For those who aren't old enough to remember the time when word of mouth marketing was the "in" thing, here's the modern terminology: social media.

This is the fly in the social media ointment.

As a digital marketer who believes in the power of social media, this is vexing. Customers expect results from their online marketing, and they expect that those results will be able to be measured against some definable number. The numbers available will never fully capture the benefit social media brings to your business.

Keep that in mind when you put forth your next social media campaign. The whole point of social media is to leverage people's inherent desire to communicate. Your challenge is to give them something worth talking about.

Your Plan is Meaningless

Mark Kawabe - Monday, December 15, 2014

Measure to reach your destinationMost travelers have a destination in mind. There are few who set out from their homes with no particular idea where they're going. When there's a destination, there's usually a plan on how to get there.

From my perspective, the majority of companies have no plan when it comes to their online marketing efforts.

Everyone starts with good intent. They want to get MORE of something. Usually clients. Then they sit back and wait for the clients to come.

In 2014, what I'm about to say shouldn't be news to anyone, so my apologies in advance if what I say is revelatory: For at least 99% of businesses, investing in a website to gain new customers is meaningless without investing in serious marketing.

I use the word "serious" because there are a lot of people investing in marketing. Whether their efforts are serious depends on one thing: measurement. If you are not measuring, you are not serious.

Not being serious can take many forms. Posting on social media without regard for the reach of your posts. Not having analytics installed on your website. Or, having analytics installed but never looking at the results.

When I get in the car with the intent to get somewhere, I don't sit in the driveway spinning my wheels. My odometer and the scenery whizzing by tell me I'm getting somewhere. My GPS shows me I'm making progress toward my destination.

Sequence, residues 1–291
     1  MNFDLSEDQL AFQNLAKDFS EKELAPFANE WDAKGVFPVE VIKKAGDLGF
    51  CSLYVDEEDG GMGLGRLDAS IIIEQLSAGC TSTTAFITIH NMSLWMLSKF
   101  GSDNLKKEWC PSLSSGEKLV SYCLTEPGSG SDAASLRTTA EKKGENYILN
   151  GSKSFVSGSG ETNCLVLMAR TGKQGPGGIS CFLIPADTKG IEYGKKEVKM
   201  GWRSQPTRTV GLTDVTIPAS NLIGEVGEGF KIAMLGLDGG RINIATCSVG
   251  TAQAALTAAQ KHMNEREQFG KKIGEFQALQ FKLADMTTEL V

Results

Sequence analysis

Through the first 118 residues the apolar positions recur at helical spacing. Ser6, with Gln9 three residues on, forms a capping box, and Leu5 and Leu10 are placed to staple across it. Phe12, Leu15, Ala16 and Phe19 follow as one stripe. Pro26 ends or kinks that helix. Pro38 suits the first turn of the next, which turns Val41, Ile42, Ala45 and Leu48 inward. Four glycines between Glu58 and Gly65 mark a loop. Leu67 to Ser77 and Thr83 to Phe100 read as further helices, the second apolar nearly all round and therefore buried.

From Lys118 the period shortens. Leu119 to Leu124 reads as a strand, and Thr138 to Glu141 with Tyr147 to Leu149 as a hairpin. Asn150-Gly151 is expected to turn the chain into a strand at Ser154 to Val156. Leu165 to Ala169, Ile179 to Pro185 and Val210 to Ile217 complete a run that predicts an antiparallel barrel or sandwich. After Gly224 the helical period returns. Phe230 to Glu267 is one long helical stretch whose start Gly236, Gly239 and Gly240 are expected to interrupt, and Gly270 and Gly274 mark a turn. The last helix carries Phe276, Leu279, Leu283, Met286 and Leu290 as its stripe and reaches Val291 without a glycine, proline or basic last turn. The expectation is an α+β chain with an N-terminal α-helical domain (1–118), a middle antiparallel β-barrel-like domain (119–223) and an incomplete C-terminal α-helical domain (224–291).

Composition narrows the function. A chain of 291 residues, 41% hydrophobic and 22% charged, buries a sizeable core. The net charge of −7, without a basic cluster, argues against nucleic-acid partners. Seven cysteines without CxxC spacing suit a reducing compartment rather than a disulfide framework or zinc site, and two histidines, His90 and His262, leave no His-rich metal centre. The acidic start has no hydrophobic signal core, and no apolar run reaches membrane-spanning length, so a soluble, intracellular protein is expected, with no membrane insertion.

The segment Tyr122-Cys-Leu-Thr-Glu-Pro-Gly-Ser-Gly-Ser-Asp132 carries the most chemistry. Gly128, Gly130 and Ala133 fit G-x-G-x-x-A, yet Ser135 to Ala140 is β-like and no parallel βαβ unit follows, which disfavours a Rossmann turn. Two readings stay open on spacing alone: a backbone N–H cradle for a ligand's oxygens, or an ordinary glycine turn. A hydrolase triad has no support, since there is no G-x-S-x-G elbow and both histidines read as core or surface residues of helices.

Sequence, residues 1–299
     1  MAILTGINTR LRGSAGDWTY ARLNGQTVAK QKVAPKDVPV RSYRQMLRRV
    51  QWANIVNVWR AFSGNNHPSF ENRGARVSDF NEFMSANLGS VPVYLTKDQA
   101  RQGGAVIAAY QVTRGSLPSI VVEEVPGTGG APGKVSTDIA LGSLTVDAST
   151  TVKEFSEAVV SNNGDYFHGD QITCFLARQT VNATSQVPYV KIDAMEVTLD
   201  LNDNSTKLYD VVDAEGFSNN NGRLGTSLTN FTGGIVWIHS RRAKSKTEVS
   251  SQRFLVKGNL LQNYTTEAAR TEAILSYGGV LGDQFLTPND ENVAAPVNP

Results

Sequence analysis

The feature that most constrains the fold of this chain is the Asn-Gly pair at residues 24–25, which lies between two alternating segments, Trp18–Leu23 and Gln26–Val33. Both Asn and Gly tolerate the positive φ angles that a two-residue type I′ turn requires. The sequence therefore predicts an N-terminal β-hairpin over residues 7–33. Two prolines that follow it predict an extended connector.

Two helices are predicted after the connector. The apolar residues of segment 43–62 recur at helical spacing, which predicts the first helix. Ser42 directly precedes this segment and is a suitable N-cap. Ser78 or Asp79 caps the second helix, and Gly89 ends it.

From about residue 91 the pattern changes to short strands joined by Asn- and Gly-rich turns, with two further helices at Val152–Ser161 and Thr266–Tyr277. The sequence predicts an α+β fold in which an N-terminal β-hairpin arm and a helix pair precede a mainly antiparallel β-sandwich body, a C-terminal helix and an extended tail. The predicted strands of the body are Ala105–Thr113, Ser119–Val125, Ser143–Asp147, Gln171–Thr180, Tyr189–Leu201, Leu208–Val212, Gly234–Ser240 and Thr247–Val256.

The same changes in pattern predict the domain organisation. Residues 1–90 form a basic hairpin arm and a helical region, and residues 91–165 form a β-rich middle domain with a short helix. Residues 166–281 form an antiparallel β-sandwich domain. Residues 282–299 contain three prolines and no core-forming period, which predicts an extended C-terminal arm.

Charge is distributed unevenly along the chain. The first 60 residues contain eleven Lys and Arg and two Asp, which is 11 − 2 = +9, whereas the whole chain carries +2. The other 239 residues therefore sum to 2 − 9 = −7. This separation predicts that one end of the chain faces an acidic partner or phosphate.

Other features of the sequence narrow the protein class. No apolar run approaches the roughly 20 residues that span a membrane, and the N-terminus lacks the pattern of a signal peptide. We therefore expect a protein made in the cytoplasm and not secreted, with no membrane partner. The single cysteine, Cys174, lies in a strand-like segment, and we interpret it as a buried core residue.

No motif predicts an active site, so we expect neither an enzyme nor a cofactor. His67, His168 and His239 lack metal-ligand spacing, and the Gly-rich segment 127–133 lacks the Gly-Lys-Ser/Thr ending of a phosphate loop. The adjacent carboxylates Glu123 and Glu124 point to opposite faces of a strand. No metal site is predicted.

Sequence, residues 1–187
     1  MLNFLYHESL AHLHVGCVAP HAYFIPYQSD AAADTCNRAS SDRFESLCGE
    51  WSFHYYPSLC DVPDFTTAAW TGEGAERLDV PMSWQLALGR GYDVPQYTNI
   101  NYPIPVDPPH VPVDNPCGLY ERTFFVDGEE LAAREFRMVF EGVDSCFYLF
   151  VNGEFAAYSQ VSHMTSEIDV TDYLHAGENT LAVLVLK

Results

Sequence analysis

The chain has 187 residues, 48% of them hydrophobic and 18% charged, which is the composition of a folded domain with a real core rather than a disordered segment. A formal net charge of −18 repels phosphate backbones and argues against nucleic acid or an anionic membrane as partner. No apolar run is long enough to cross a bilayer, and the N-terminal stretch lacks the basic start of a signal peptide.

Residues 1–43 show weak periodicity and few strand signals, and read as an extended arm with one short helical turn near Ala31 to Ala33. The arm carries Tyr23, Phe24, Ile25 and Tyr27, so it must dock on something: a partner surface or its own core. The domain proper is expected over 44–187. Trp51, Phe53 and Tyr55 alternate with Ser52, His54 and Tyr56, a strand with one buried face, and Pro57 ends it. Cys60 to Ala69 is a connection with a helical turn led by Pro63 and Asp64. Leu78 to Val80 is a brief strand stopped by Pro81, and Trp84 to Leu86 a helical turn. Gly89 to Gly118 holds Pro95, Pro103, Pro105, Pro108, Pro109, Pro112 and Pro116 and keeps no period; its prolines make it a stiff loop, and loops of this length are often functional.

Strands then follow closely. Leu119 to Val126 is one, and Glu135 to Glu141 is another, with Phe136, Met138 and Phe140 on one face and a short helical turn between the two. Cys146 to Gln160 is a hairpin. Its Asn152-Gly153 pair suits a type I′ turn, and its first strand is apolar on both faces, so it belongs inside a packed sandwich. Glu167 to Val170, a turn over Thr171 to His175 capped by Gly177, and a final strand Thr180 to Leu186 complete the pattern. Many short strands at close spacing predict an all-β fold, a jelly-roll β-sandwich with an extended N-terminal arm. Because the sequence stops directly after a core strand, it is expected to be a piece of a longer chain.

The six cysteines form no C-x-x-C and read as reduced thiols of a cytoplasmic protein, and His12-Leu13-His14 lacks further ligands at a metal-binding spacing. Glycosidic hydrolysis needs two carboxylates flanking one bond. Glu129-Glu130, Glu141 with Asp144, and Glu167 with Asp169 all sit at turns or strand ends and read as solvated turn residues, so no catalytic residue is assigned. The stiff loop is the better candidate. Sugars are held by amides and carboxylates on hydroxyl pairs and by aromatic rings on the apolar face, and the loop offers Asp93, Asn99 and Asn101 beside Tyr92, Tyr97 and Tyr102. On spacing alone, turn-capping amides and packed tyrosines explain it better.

Measurement shows how effective online marketing efforts are yet most businesses don't even have the basics in place. Without measurement you don't know if your efforts are effective. Without measurement, your plans and efforts are meaningless.

If you don't know how to measure, there's no longer any excuse. Thousands of companies offer analytical services. Some are free. All you have to do is decide to learn how to measure, or hire someone to do the measuring for you.

If you're truly interested in getting somewhere, measure your progress. Measure the effectiveness of your activities. Find out what works and do more of it.

A journey of 1000 kilometers begins with one step. Measurement means you know the steps you're taking are moving you in the right direction. Stop meandering. Start measuring. Do that and you'll get where you want to go.

Photo credit to Balkanbrid.

Now is the time to start video marketing

Mark Kawabe - Wednesday, November 12, 2014

Video marketing is huge.

Let me say that again.

Video marketing is HUGE!

The statistics on this are pretty clear. Some of the statistics are shocking, but they demonstrate the online appeal of videos and make a clear case that all businesses should be using video marketing as a part of their online marketing mix.

  1. YouTube is the world's #2 search engine
  2. 1/3 of all online activity is watching videos
  3. 100 million internet users watch an online video every day
  4. 50% of users watch business related videos on YouTube at least once a week

What does this mean for you? Lots. Here's how videos affect visitor behaviour to your website:

  1. Watching a video can increase a visitor's understanding of your product or service by 74%
  2. A visitor to a retail website is 64% more likely to purchase a product after watching a video
  3. A real estate listing with a video gets 403% more inquiries compared to listings without
  4. Videos in email increase click-through rates 2~3 times compared to regular messages
  5. 20% of your site visitors will read all the content you provide: 80% will watch a video
  6. Websites are 50x more likely to show up on the first page of search engine results page if it includes a video

The barriers to entry for video marketing are much easier to hurdle than they used to be. Depending on a video's production value, it can be very inexpensive to create a video for marketing purposes. Best of all, they can be put on YouTube, your own website, Facebook and most other social media marketing platforms to get you more exposure.

Do your customers and your business a favour: incorporate video marketing into your online marketing mix.